More than three million people have been evacuated from Florida, Georgia, North and South Carolina as Hurricane Matthew hits.
The biggest storm in a century is set to hit around 26 million people with President Obama declaring a state of emergency and mobilising thousands of National Guard troops.
At least 842 people have already been killed as Matthew swept through Haiti, Jamaica, the Dominican Republic and the Bahamas.
Flooding in Jacksonville confirms forecasters fears
Officials had warned that Jacksonville could be seriously flooded due to the hurricane.
The footage which has now emerged appears to show that their predictions were right, with sea water engulfing the city’s streets.
It is the biggest population area in the path of the hurricane with 868,000 people in the city.
Terrifying footage shows Hurricane Matthew storm surge flood homes and businesses as sea crashes into Florida coastline
This terrifying footage shows how a storm surge caused by Hurricane Matthew has flooded the coast of Florida.
The footage was captured on Jacksonville Beach and shows the sea crashing into the streets.
Palm trees can be seen waving in the wind as the sea floods homes and businesses.
■ At 2 p.m., the hurricane’s center was less than 40 miles east-southeast of St. Augustine, and about 70 miles southeast of Jacksonville. The storm was moving north-northwest at about 12 m.p.h.
■ Evacuation orders were in effect in areas that are home to about 1.5 million people in Florida, more than 500,000 in Georgia and more than 250,000 in South Carolina.
■ At least one death in Florida has been connected to the hurricane. At 1:20 a.m. Friday, the St. Lucie County fire service received a call to aid a woman in her late 50s who had suffered a heart attack, but winds approaching hurricane force prevented emergency vehicles from responding.
■ Florida officials reported Friday afternoon that nearly 827,000 customers had lost electricity. In four counties — Brevard, Flagler, Indian River and Volusia — more than half of electrical customers lacked power.
■ Significant flooding hit cities north of Daytona, including St. Augustine and Palm Coast, on Friday.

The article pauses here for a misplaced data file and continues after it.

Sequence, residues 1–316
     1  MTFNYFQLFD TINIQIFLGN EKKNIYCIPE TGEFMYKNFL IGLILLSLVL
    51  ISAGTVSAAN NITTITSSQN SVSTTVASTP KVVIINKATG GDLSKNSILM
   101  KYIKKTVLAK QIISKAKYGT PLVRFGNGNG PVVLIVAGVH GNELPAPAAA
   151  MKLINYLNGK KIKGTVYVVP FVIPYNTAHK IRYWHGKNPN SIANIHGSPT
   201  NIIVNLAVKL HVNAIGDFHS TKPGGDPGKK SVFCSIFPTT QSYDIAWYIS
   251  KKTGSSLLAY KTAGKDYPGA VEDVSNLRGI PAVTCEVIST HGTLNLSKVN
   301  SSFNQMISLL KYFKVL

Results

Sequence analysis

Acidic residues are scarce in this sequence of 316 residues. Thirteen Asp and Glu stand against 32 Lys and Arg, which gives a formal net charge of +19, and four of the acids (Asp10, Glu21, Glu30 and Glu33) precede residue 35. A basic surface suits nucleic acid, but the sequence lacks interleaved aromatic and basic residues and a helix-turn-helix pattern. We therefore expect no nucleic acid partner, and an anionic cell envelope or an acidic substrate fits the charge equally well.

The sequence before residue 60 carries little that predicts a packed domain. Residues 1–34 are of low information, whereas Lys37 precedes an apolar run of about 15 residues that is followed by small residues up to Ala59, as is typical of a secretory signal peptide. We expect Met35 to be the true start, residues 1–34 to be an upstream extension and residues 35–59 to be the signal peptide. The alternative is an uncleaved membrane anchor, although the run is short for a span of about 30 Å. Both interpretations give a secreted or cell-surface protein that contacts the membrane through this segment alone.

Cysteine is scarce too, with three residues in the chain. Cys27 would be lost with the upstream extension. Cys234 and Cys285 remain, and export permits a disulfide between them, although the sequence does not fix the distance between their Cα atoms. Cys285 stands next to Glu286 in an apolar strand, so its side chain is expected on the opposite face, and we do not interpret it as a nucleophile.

■ Matthew is expected to continue to parallel the coast into Georgia and the Carolinas, putting Savannah, Charleston and Wilmington, N.C., at risk, before turning out to sea. Forecasters warned that a shift westward of just a few miles in the storm’s track would greatly increase damage onshore.
■ The National Weather Service extended its hurricane warning northward into North Carolina, as far as Surf City. The Weather Service downgraded the hurricane warning for Florida’s south-central coast to a tropical storm warning, and lifted the tropical storm warning for the state’s southern coast, including Miami, Fort Lauderdale and West Palm Beach.
■ President Obama warned against complacency. “I just want to emphasize to everybody that this is still a really dangerous hurricane, that the potential for storm surge, flooding, loss of life and severe property damage continues to exist,” he told reporters at the White House. “Pay attention to what your local officials are telling you. If they tell you to evacuate, you need to get out of there and move to higher ground.” The president has declared a state of emergency in Florida, Georgia and South Carolina, allowing federal agencies to coordinate relief efforts.
■ Officials urged residents who have not evacuated to remain in shelters and not be deceived by the bands of rain that come and go. Richard Knabb, director of the National Hurricane Center, said, “Just because the center is off shore doesn’t mean you can’t be the center of the action.”
■ To cover the storm and its aftermath, The New York Times has deployed journalists in Miami; Orlando, Fla.; Port St. Lucie, Fla.; Titusville, Fla.; Jacksonville, Fla.; Atlanta; and Charleston, S.C. Follow our correspondents on Twitter.
High Winds, but Sigh of Relief, at Cape Canaveral
The Kennedy Space Center, and the space program that depends on it, may have dodged a bullet.
As Hurricane Matthew moved north, it passed Cape Canaveral, according to NASA blog, with recorded sustained winds of 90 miles per hour and gusts up to 107 miles per hour —lower than initially feared but still enough to cause damage.
A 10:07 a.m. posting said there was “limited roof damage” and debris around the facility, with water and electric power disrupted. Storm surge, which might have been an enormous problem for the site, “has been observed to be relatively minimal.”
A team of more than 100 people checking out the damage will not be able to get a more thorough look until winds die down a bit more; a damage assessment and recovery team will be brought in for a formal examination on Saturday.
William Harwood, who covers the space program for CBS from the area, spent the night at the Brevard County Emergency Operations Center and reported rainfall totals at 8 to 12 inches at the space center, with a storm surge of one to five inches. It was “much lower than expected,” he wrote in a tweet. — JOHN SCHWARTZ in New York